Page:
Double Blades??????????

Discussion in 'Lawn Mowing' started by awagner9, Aug 13, 2007.

  1. awagner9

    awagner9 LawnSite Senior Member
    from NW,Ohio
    Posts: 303

    First I have a 07 Scag Wild cat 61" with 30 hp kolher. I assume I have plenty of power to use doubles. What is the best way to set them up and do I have to worry about blades coming off? What angle do I put the blades? And is it really worth it? Thanks Alex
     
  2. topsites

    topsites LawnSite Fanatic
    Posts: 21,654

    A few folks swear by it, but my attitude is, if this was such a good idea then why aren't all the mfg's making them like this in the first place?

    I don't do it, I don't think much is gained, insofar as investing my time into the cut quality, I can think of many other adjustments that might could use doing. I find NO mower is ever 'ready to go,' thou I did find some used ones are actually readier than the new ones, maybe so because someone adjusted it right, but who knows. Dealers assemble the machine, one spec fits all, I would not recommend taking this out before going over the machine in it's entirety.
     
  3. lawnboy dan

    lawnboy dan LawnSite Gold Member
    Posts: 3,712

    i aslo feel if this setup is so good -they would come from the factroy with them. it must shorten clutch and spindle life. with the extra drag
     
  4. awagner9

    awagner9 LawnSite Senior Member
    from NW,Ohio
    Posts: 303

    This is all some people run and they say it destroyes leaves. One account I have they treat thier lawn at least six times a year. With the rain we just got. I'm leaving grass on top. Lawn is about 2 acres. So bagging not an option. And they also only want it cut once a week. The way some talk this would cut down on yard waste.
     
  5. growabiz

    growabiz LawnSite Member
    Posts: 22

    Be careful of unnecessary damage to spindle housings. They are designed for certain standards, excess weight, unbalanced blades lead to premature failure.

    Be careful. You also may be setting yourself and your employees up for liability and warranty problems.
     
  6. MANOFSTIHL

    MANOFSTIHL LawnSite Member
    Posts: 57

    As for the Scag, buy the Hurricane mulch kit. You will not be sorry. BTW, Walker just came out with their NEW 42 inch mulch deck. If you remember they USED to use double blades but their new deck design does not have double blades. To be honest it looks more like your standard 21 inch mulch blade. NO gator teeth or anything extremely aggressive looking about it, but it does an AWESOME job!!! Dean Walker, Bob's brother, spent about 4 years (if I'm not mistaken) designing this deck and said he tried EVERY mulching blade out their, including some that weren't. End result, single did better than double in this case...
     
  7. LawnScapers of Dayton

    LawnScapers of Dayton LawnSite Silver Member
    Male, from Dayton, OH
    Posts: 2,572

    I have been running doubles for years, no problems, no extra belt wear, no replaced spindles, nothing. It improves discharge distance, finer clippings and does destroy leaves although I now use Meg-mos for leaves.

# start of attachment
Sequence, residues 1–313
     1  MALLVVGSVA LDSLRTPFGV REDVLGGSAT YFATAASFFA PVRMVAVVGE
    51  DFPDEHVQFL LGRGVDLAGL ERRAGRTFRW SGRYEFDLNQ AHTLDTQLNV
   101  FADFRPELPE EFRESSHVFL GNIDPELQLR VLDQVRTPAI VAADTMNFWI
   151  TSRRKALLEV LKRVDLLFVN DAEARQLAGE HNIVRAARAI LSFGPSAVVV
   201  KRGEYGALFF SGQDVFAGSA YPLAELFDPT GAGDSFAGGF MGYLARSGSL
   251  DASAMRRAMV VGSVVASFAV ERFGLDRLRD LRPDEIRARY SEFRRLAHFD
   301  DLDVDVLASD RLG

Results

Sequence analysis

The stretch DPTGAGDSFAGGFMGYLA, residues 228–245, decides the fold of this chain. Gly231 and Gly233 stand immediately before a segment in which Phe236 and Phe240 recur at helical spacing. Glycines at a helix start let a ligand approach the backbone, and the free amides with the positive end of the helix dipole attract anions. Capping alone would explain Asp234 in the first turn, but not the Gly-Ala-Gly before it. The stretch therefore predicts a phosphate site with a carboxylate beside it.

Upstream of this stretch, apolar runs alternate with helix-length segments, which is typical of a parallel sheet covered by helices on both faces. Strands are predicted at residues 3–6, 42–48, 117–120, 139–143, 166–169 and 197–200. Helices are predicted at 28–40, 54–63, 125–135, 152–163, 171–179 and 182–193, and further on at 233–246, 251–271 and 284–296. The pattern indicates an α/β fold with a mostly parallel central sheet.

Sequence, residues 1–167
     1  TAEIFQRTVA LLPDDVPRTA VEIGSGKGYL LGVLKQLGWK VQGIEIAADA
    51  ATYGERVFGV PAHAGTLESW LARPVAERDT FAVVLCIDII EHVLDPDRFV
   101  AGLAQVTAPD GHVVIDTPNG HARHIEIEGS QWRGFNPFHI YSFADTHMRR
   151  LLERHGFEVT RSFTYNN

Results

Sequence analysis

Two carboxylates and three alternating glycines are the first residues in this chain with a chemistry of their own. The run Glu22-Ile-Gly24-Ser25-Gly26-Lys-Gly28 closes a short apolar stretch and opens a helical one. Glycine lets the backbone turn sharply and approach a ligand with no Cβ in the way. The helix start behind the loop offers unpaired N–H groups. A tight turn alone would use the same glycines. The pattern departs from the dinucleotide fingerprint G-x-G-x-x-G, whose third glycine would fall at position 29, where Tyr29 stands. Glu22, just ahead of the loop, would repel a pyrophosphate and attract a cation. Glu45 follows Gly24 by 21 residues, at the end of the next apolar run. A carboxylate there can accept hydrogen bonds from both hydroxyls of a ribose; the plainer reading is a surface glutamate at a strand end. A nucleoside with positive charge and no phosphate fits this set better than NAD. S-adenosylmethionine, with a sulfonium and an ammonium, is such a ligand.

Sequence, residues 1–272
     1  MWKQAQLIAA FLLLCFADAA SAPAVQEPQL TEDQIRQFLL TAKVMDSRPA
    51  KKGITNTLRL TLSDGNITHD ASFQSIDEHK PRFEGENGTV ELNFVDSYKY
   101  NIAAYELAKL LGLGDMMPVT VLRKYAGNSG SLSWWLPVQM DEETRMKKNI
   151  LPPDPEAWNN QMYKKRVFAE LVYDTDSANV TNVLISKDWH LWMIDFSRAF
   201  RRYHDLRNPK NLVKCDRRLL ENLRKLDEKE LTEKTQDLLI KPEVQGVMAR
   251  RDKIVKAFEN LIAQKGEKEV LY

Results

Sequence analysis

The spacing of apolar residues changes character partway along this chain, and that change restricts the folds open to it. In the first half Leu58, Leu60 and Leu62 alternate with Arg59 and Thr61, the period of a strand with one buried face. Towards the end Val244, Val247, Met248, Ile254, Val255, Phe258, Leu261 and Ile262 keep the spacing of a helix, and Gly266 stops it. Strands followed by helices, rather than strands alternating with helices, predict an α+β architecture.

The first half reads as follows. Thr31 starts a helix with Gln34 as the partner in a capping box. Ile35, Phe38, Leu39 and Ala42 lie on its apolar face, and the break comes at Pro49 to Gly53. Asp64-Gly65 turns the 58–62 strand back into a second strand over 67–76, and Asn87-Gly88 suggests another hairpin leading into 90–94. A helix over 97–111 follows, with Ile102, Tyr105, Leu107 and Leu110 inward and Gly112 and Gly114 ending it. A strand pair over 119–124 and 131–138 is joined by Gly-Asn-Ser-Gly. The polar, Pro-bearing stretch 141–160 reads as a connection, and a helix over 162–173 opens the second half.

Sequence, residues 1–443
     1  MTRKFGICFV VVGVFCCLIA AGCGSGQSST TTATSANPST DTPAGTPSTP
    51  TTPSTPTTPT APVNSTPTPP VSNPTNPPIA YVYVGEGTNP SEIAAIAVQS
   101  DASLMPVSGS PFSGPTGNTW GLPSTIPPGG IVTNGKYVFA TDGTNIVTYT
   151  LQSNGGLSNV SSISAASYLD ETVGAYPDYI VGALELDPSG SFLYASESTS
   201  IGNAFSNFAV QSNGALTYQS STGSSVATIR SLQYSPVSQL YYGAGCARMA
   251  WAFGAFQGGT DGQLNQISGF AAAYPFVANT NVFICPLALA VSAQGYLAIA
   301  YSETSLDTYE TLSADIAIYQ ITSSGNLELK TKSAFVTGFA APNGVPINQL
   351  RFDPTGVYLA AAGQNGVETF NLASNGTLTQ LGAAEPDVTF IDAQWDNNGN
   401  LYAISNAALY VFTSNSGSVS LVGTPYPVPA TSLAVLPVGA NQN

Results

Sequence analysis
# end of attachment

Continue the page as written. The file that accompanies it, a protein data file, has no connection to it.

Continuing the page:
D
     
  8. naturescape

    naturescape LawnSite Bronze Member
    Posts: 1,692

    Try running doubles. You can always easily take them off. I have only had one spindle go bad in the last 10 years. Solo op here using machines that are up to 5 years old. I don't think doubles will affect a Scag spindle at all.
     
  9. Yard-Ape

    Yard-Ape LawnSite Member
    Posts: 15

    I use a Dixie Chopper and am looking to try a double blade setup soon to help chop up the discharge a little finer. Most of our grass here is St. Augustine and is growing like crazy right now. It's not uncommon to cut 3 -4" of growth in just a week.

    Not sure on the Scag, but I certainly don't buy into the gloom and doom scenarios of ruining belts, spindles, etc. with the Chopper. Doubled X-Blades are a factory option for any chopper and if you would rather double up regular, high lift, or a cobination of these and gators, Dixie sells a double blade kit that holds the two blades in a "+" fashion. Most people just double them up and tighten and swear that you have to really hit something substantial to offset the blades without any special adapters.
     
  10. bsalter5

    bsalter5 LawnSite Member
    Posts: 17

    I can see where spinning up two blades could cause more wear on the clutch, but doubt it is too significant. Once two blades are spooled up, their inertia will make them harder to slow down, which could extend the clutch or belt life a touch. I'm careful to engage the blades with the engine around 1.2 throttle hoping to minimize clutch loading.

    Regarding spindle bearings, doubles won't, or shouldn't increase side loads at all. I can't see where balance is any more of an issue that with single blades either. The extra blade weight, along with a bit more lift (two blades generating lift rather than one), will put some additional down force (axial thrust) on the spindle. If you have tapered roller bearings in your spindle, you have nothing to fear. Ball bearing spindles, on the other hand, might not like the extra load, and could wear a little faster. Ball bearings are inherently poor at resisting axial loads.

    I'm currently playing around with one high lift and one mulching blade on each spindle. It seems to work pretty well, but I haven't convinced myself it is better than two "regular" or one "regular" and one high lift blade on each spindle.

    My next test might be with two mulching blades - I didn't like the way a single mulching blade worked as much as any of my double combos.

    bes
     

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